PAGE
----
Design Coordination – Why it’s important

November 10, 2020

Design coordination: The role of a Fire Engineer

By Michael James

We regularly receive questions from clients and architects about PN22 Design Coordination Statements. These can range from what exactly it is and do to do it, through to whether it is optional and who is responsible for doing it.

The PN22 design coordination statement began in 2010 when a group of fire engineers, assisted by Engineering New Zealand, met to discuss the baseline for producing fire engineering documentation. At the time there was a wide variation in quality from one-page summaries to detailed reports, accompanied by calculations and drawings.

The result was the production of the ‘Engineering New Zealand Practice Note 22 Guidelines for Documenting Fire Safety Designs September 2011’. This was also issued as Guidance by MBIE under Section 175 of the Building Act. The document also included a small section on design coordination and construction monitoring.

Design coordination is a normal part of the design process. The structural engineer needs to coordinate with the architect, while services engineers also need to coordinate with the architect (and each other) to ensure everything fits in the space available, and the interfaces between the different trades match up. It is not a one-off activity, but occurs throughout the design and sometimes the construction phase of a project. It is an essential part of the design process so documents being produced for the building contractor contain all the necessary information.

Historically, Fire Engineering was missing from the design coordination activity, with fire engineering design often being produced just prior to a building consent application. This resulted in buildings being built with elements of the fire engineering design not being installed. I have seen building sites where fire walls are only extend halfway along the wall, non-fire-rated windows have been installed in place of fire-rated windows, and complete fire safety systems are missing.

From a fire engineer’s perspective, design coordination begins by making sure the design team is aware of the key requirements of the fire engineering design. Such as the number of exit-ways, key fire rating requirements, and fire detection and protection systems. As the design progresses, more of the detail is discussed, including compliant construction materials and systems, door hardware, and internal surface linings. This is a two-way process between the fire engineer and other designers as they come to understand the requirements and constraints of each. At the end of the process a review of consent and tender documents is carried out to confirm that all the prior discussions have been translated onto the documents. 

The extent of the final review will depend on how well the prior coordination has been completed and the confidence each designer has in the other parties’ work. It might consist of a high-level review and a spot check of key details, or extend to a review of everything including all the details. This will depend on the initial quality of the work and the level of risk that can be accepted for abortive or incorrect work during construction.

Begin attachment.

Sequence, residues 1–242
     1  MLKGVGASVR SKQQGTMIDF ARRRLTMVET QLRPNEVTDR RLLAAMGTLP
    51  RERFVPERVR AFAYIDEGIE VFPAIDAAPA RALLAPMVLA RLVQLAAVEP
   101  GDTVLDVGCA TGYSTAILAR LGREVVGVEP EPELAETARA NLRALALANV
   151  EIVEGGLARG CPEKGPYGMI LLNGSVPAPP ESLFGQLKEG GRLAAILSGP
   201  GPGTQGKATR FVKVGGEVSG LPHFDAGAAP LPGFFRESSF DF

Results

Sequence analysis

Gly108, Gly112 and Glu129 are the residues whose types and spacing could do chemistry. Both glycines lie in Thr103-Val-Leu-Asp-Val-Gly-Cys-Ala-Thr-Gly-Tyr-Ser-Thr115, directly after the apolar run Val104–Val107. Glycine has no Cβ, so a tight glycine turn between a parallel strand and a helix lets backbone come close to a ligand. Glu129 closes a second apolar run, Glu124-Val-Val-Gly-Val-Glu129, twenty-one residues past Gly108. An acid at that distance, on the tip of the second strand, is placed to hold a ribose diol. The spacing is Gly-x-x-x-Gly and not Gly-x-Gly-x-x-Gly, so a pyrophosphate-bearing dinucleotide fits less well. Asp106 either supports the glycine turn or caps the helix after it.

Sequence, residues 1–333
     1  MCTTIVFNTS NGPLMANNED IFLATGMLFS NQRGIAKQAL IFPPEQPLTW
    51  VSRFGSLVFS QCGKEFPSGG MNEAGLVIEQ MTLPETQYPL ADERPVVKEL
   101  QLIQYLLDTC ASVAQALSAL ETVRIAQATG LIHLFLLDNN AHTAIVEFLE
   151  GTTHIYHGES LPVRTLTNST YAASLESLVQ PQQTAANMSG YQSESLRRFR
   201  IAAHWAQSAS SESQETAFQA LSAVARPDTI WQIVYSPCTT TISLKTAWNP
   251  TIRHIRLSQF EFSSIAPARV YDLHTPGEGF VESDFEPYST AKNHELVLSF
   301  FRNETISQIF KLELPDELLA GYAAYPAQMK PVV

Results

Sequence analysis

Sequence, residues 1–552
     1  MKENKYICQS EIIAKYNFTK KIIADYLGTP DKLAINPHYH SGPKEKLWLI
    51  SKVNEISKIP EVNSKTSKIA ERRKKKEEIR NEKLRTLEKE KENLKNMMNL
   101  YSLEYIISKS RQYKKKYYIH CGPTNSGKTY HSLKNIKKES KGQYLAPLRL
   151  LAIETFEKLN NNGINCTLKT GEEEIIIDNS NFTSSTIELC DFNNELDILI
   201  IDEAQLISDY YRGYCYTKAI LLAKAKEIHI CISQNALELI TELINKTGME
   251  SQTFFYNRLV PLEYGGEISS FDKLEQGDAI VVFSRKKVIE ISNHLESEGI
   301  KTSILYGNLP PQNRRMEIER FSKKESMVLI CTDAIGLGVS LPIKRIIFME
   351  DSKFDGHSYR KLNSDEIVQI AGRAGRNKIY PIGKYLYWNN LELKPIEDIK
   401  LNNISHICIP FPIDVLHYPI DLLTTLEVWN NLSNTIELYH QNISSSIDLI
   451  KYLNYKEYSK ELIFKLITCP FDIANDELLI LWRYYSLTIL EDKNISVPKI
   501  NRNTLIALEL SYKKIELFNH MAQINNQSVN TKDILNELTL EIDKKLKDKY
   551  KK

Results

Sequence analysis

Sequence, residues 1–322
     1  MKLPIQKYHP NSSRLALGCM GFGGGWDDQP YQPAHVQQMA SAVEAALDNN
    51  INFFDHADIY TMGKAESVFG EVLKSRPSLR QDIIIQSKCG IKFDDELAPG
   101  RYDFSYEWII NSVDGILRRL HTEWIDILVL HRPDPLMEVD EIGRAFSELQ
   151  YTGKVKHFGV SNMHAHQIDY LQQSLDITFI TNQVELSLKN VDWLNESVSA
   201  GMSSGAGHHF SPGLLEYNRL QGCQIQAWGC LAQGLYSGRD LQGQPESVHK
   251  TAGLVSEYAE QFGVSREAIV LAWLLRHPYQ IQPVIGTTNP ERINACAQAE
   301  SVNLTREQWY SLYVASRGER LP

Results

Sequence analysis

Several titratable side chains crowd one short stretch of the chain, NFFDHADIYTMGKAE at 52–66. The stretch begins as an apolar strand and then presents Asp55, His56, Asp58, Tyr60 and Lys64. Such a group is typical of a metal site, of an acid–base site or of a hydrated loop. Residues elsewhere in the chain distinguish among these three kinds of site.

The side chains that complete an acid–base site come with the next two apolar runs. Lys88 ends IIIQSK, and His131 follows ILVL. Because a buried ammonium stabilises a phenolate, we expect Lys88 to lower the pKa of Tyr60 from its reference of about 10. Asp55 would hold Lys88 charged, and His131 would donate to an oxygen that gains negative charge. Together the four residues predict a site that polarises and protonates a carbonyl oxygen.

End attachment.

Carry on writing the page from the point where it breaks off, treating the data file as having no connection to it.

Below is a simple example of design coordination to illustrate the process: 

An existing building requires new ventilation ducts running between floor levels to the roof. From a fire perspective we want to prevent fire spread from floor to floor, which could be achieved with fire dampers at each floor level or fire rating the entire length of the duct. Space is limited, so we organise a number of meetings with the architect and mechanical engineer to discuss the problem and potential solutions. We have our fire rating requirements; the architect has spatial requirements, and the mechanical engineer has duct construction and the physical size of fire dampers to consider. After several discussions, the agreed solutions will be added to the plans and specifications. At this stage, a final review of the documents will be made to confirm that everything is as agreed. It’s important to note that reviewing the documents is the last step in the process, not the first or only step. 

The above is just one example that shows undertaking design coordination is part of good risk mitigation practice regardless of whether confirmation is required as part of a building consent application. Practice Note 22 provides some guidance on how this confirmation might be addressed, however, it is not the only possible method that might be suitable for a project.

To further emphasise the importance of design coordination in the design process, in 2018 the Society of Fire Protection Engineers (SFPE), Engineering New Zealand and the New Zealand Institute of Architects (NZIA) met and produced a joint statement that collaboration and coordination were key aspects of the design process to ensure they are more efficient, compliant and successful.

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